Apple should scan iPhones for child abuse images, says inventor of scanning technology | Apple
Apple should heed warnings from UK security services and relaunch its controversial plans to scan iPhones for child abuse images, the inventor of the scanning technology has claimed.
Professor Hany Farid, an expert in image analysis at the University of California, Berkeley, is the inventor of PhotoDNA, an “image hashing” technique used by companies on the web to identify and remove illegal images . He said that following an intervention from technical officials at GCHQ and the National Cyber Security Center backing an extension of the technology to individual phones, Apple should be encouraged to revive its abandoned plans to do just that. .
“The denial came from a relatively small number of privacy groups,” Farid said, speaking to the Internet Watch Foundation (IWF) on the child safety group’s latest podcast. “I would argue that the vast majority of people would have said ‘sure, that sounds perfectly reasonable’, but yet a relatively small but vocal group put enormous pressure on Apple and I think a bit of a coward’s Apple succumbed to this pressure.
“I think they should have stood firm and said, ‘It’s the right thing to do and we’re going to do it.’ And I’m a huge proponent of not just Apple, but Snap, Google, all online services.
Apple first announced plans to perform “client-side analysis” in August 2021, alongside other child safety proposals that have since come to iPhones. The company intended to update iPhones with software that would allow them to match child abuse images stored in a user’s photo library with identical copies already known to authorities to have been shared on the web, and to report such users to child protection agencies.
After an outcry from privacy groups, the company shelved the proposal in September of that year and hasn’t discussed it publicly since. But in July, UK security officials published an article detailing their belief that such a sweep could be deployed in a way that allays some fears, such as fears that an oppressive nation could hijack the sweep to seek politically controversial images.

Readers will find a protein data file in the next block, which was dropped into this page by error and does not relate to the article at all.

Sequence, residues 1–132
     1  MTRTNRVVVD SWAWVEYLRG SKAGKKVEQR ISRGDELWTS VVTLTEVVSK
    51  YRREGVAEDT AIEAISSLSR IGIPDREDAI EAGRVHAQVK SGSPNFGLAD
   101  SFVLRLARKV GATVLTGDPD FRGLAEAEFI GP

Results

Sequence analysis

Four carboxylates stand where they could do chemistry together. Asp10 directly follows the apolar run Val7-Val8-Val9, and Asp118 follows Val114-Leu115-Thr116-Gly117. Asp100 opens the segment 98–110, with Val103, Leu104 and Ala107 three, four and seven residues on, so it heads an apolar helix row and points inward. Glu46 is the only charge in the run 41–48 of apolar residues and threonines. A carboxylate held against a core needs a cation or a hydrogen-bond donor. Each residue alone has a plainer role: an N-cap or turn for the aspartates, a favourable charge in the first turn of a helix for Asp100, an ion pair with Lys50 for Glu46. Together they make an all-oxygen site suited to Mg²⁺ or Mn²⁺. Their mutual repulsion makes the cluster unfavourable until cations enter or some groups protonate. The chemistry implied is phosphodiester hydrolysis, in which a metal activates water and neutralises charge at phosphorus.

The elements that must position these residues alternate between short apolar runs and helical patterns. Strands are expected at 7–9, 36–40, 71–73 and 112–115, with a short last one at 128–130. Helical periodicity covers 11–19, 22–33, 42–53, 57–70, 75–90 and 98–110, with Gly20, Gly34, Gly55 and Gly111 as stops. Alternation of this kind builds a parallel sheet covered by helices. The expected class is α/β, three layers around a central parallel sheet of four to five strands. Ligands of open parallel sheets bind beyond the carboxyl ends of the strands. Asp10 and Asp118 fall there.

“Details matter when talking about this subject,” wrote Ian Levy and Crispin Robinson. “Discussing the subject in generalities, using ambiguous language or hyperbole, will almost certainly lead to a bad outcome.”
Farid argued that now is the time for Apple and other tech companies to act and get ahead of the legislation. “With the Online Safety Bill making its way through the UK Government and with the DSA [Digital Services Act] and AMD [Digital Markets Act] crossing Brussels, I think now is the time for companies to say: “We’re going to do it, we’re going to do it on our terms”. And, if they don’t, then I think we have to step in with a very heavy hand and insist that they do.
“We regularly scan our devices, our emails, our cloud services for everything including spam, malware, viruses and ransomware, and we do it willingly because it keeps us safe. I don’t think it’s hyperbolic to say that if we’re ready to protect ourselves, we should be ready to protect the most vulnerable among us.
“It’s the same basic core technology, and I reject those who say it’s kind of giving up on something. I would say that’s, in fact, exactly the balance we should have to protect the children online and to protect our privacy and rights.
Speaking about the Levy/Robinson article, Mike Tunks, head of policy and public affairs at the IWF, said: “Over the last few years the government has said, ‘We want tech companies to do this more to address child sexual abuse in end-to-end encrypted environments.’
“As we know, at present, no technology can do this, but this document presents some ways to achieve this.”